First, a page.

I am a historian by training, which means that I have a certain concern about the past. Indeed, I find much that is valuable in the past. I also live in an ever-changing world that needs to move into the future and not get stuck in the past. As the pastor of a congregation with a relatively long and in many ways glorious history, I know the temptation to stay with what is tried and true, and yet . . .
So, what shall we do? I am intrigued by comments made by Doug Pagitt in his latest book Church in the Inventive Age (Sparkhouse Press, 2010). Doug shared with us some of the insights that make up this book at the Theology after Google conference last March. I'll be giving a full review when I finish the book, but knowing that Doug is one who is seen by many as cutting edge -- emergent, etc. I found these words intriguing. He writes that while churches can get stuck in the past, or on the other hand throw off the past with no regard to the strengths of our history, neither approach is helpful.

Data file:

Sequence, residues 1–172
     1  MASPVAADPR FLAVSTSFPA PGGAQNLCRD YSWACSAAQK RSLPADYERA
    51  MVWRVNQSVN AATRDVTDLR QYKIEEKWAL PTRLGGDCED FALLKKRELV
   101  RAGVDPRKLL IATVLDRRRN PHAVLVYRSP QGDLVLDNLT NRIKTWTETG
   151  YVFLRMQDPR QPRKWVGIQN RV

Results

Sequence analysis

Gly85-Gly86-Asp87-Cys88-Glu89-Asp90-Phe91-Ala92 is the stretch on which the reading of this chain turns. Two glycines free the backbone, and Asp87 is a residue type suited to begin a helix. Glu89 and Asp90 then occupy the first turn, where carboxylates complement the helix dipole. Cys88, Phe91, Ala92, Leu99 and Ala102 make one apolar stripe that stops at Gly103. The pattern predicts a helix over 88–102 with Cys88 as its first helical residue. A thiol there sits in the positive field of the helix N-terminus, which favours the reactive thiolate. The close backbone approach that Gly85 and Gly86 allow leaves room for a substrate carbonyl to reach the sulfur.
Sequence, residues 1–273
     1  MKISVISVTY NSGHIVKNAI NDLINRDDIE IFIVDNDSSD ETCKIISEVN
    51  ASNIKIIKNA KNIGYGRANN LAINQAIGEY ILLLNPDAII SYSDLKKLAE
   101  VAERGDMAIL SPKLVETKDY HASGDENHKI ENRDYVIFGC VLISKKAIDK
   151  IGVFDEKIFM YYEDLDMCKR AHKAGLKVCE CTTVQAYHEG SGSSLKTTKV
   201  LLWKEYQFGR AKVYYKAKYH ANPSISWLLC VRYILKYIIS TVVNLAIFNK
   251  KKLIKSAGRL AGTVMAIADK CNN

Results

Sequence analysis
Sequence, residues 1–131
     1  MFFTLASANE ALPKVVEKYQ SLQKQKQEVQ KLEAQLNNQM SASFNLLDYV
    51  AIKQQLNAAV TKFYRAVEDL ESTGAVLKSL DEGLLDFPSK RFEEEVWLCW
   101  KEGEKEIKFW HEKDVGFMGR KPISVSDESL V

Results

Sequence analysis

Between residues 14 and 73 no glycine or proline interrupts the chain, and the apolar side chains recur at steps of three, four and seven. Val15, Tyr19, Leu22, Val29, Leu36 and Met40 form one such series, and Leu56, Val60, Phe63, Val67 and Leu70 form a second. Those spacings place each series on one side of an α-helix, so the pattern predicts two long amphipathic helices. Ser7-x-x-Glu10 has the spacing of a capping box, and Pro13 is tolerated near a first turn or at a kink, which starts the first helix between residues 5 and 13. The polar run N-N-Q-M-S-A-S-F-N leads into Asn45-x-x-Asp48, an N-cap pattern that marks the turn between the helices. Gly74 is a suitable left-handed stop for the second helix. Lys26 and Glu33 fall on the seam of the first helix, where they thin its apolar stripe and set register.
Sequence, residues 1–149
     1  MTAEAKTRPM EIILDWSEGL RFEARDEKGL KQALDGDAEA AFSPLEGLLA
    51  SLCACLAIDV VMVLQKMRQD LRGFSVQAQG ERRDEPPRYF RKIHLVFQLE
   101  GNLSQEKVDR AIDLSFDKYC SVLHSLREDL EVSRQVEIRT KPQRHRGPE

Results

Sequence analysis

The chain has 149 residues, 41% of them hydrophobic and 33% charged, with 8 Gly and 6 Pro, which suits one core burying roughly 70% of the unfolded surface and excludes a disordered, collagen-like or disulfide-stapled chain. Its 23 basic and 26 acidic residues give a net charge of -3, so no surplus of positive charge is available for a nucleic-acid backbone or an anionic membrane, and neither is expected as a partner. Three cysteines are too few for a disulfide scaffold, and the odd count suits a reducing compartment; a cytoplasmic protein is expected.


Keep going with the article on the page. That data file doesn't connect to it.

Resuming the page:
The past is not our standard. It is not the test of whether something is right or good. But it's also not an albatross we need to shuck off as quickly as possible. The past is our constant companion. It is always with us. The question is what do we do with it -- return to it, let it rule, or take its best efforts with us into the future? (pp. 7-8).
So what shall we do with our history? Do we cart it around with us as if museum pieces? Do we dwell in the past? Or do we let the blessings of our history help frame for us a sense of the journey that our spiritual ancestors took, giving us guidance and wisdom for our journey? These are questions worth pondering.